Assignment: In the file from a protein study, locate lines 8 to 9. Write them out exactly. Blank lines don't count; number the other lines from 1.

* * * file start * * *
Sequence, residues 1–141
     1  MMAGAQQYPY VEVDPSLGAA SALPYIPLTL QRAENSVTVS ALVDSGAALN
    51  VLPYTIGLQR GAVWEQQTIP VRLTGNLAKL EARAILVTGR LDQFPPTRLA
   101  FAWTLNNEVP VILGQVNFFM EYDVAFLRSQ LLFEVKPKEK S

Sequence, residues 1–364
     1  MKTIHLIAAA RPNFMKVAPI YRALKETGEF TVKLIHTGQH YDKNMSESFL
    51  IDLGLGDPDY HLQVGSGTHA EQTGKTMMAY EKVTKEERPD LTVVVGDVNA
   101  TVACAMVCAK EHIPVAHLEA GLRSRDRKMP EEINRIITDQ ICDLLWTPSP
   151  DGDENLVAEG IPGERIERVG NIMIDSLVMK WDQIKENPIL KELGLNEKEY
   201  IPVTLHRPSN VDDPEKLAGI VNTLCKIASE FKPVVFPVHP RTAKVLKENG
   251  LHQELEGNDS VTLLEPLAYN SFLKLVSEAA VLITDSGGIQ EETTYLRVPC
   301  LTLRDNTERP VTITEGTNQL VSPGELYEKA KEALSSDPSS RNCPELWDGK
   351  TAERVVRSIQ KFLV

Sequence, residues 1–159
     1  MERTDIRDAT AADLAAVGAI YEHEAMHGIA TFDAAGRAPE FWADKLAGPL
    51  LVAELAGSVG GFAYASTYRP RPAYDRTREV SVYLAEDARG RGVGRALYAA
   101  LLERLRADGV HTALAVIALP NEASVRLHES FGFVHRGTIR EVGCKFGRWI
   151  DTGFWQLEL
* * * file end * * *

   101  TVACAMVCAK EHIPVAHLEA GLRSRDRKMP EEINRIITDQ ICDLLWTPSP
   151  DGDENLVAEG IPGERIERVG NIMIDSLVMK WDQIKENPIL KELGLNEKEY